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Construction and evaluation of a mindfulness-based quality of life and well-being program (MQW) in a randomized trial

Jones, P. and Drummond, P.ORCID: 0000-0002-3711-8737 (2022) Construction and evaluation of a mindfulness-based quality of life and well-being program (MQW) in a randomized trial. Current Psychology .

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Abstract

Due to the multi-factorial nature of the self-report of happiness, an enhancement program was designed that focused on mental style (subjective processes), and relationships, work, money, health, and leisure (objective life domains). An examination of interventions revealed mindfulness training (subjective factors) and goal setting (objective factors) as effective change modalities. To address this, the Mindfulness-based Quality of Life and Well-being Program (MQW) was developed and evaluated against the Mindfulness Attention Awareness Scale, Quality of Life Index, Personal Wellbeing Index–Adult, Positive and Negative Affect Scale, the Satisfaction with Life scale, and the newly developed Clinical Quality of Life Scale (CLINQOL). To explore training protocol effects, the program was delivered in a graduated (6 weekly sessions x 2 hours) and intensive (2 consecutive days x 6 hours) format. Using a randomized trial, participants were allocated across these conditions and a control. A total of 191 participants completed the study and were assessed at pre, post and follow up time points. Increases in mindfulness, quality of life, subjective well-being, and positive and negative affect (not life satisfaction), were greater in treated (combined formats) than control participants at post-test, and for mindfulness at follow up. Other than an increase in mindfulness for the 2 day condition at follow up, changes were similar in both intervention formats. Finally, to investigate what unique difference the MQW might have in comparison to teaching just mindfulness, the full version of the program was compared to an expanded section of the mindfulness component of the program. A total of 74 subjects began the program and filled out assessments across the three time periods. There was no difference between groups or an interaction between group and time. Overall, the findings provide preliminary evidence that a multi-dimensional training approach, using mindfulness and goal setting, may be a beneficial intervention model to enhance subjective and objective components in the perception of quality of life and well-being. However, further investigation into its added benefit to mindfulness alone is required.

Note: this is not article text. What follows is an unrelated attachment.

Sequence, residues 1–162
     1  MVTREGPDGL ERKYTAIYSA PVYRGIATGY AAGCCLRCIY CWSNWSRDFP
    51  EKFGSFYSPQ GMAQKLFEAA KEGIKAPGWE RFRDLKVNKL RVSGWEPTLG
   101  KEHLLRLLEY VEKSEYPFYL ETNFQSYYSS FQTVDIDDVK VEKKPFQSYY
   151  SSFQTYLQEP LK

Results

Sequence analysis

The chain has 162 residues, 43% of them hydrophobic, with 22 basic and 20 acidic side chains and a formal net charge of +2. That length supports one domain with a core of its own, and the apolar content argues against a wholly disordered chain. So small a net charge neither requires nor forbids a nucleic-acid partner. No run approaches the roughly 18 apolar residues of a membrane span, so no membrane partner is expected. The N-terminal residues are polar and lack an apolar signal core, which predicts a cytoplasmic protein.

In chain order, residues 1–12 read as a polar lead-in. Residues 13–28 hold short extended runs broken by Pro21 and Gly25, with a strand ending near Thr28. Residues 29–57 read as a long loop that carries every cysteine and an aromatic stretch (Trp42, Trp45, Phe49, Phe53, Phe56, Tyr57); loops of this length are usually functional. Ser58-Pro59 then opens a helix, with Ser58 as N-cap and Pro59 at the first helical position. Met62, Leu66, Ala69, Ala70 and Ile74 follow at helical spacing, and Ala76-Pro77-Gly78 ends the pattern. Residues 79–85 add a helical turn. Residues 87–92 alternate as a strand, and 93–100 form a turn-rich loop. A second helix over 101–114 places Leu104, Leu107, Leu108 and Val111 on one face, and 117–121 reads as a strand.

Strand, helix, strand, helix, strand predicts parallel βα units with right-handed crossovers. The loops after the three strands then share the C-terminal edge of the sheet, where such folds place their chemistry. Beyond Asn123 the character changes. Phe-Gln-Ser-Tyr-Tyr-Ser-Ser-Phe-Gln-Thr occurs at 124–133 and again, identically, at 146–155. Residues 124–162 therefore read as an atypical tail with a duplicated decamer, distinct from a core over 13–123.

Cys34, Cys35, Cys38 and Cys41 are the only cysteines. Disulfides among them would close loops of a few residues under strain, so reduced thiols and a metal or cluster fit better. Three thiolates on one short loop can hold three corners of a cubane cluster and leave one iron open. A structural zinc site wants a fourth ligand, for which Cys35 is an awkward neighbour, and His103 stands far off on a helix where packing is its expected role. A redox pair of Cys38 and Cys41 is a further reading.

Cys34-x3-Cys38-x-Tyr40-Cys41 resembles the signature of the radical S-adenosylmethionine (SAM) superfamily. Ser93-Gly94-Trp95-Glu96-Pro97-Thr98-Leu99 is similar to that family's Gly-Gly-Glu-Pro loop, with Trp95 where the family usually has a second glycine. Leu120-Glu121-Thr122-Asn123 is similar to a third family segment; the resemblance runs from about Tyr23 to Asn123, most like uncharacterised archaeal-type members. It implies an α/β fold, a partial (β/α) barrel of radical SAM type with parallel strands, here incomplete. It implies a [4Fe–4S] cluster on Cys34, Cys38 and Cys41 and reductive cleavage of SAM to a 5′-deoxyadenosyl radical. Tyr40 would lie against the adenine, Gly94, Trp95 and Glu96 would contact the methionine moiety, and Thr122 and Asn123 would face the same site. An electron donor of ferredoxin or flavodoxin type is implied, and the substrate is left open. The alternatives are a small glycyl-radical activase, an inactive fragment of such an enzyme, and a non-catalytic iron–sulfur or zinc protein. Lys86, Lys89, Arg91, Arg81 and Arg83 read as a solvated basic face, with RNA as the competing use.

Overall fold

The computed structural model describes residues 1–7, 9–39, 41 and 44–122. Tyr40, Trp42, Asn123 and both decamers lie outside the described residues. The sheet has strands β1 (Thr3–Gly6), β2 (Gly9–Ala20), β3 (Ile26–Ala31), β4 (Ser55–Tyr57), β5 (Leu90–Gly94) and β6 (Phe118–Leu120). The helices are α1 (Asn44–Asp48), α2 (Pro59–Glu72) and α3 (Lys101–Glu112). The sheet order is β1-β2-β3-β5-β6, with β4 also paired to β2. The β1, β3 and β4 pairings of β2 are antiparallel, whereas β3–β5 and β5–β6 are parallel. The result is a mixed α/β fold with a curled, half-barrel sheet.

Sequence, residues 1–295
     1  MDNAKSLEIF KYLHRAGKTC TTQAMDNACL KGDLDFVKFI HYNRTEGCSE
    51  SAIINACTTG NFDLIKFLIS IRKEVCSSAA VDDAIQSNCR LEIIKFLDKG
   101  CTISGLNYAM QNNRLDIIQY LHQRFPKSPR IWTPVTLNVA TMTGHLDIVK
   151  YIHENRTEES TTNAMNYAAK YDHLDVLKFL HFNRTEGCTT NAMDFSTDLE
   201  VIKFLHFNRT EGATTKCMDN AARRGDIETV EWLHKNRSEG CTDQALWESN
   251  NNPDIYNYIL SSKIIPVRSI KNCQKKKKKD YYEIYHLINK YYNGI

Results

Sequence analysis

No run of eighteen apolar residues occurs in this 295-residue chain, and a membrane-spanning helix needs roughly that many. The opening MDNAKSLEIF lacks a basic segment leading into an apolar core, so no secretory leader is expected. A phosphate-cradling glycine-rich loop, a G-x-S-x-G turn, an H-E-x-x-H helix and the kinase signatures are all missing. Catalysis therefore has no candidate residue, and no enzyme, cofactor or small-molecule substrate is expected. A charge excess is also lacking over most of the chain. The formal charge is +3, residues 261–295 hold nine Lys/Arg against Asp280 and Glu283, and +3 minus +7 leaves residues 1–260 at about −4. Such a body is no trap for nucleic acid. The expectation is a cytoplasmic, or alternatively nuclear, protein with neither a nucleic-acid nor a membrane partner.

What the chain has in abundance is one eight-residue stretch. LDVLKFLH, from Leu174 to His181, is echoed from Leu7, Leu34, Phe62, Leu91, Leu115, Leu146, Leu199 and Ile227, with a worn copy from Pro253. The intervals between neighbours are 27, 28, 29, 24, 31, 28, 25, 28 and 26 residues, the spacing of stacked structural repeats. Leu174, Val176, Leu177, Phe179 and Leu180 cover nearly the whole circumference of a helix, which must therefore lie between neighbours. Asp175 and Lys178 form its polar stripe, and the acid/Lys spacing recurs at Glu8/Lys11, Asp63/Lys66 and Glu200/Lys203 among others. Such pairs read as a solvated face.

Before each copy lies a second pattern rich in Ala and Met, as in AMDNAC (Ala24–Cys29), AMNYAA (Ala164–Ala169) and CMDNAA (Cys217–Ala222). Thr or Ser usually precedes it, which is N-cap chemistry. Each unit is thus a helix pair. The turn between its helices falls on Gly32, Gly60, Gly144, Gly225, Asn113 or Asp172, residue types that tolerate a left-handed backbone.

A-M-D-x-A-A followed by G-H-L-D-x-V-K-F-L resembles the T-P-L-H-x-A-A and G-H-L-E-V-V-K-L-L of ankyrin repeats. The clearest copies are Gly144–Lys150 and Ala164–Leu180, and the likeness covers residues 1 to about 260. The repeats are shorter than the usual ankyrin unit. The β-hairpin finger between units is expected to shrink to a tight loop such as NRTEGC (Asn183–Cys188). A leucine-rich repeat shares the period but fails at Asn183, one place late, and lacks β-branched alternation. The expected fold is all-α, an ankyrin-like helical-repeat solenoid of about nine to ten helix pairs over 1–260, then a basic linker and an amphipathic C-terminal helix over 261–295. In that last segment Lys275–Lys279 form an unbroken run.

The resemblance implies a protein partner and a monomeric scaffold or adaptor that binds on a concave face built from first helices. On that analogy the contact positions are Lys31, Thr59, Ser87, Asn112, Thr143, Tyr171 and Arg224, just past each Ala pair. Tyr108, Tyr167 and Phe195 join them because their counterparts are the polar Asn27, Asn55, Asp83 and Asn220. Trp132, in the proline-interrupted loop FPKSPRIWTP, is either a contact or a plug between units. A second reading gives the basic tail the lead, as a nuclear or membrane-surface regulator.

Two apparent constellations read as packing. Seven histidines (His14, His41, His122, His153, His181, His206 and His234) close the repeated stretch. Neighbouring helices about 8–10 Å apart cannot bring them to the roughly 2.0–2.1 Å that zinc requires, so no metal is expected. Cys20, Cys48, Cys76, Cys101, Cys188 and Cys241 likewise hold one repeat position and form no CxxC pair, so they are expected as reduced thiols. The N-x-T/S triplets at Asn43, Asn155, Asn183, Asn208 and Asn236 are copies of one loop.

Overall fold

Item Type: Journal Article
Murdoch Affiliation(s): Psychology, Counselling, Exercise Science and Chiropractic
Publisher: Springer
Copyright: © 2022 The Authors.
URI: http://researchrepository.murdoch.edu.au/id/eprint/63873
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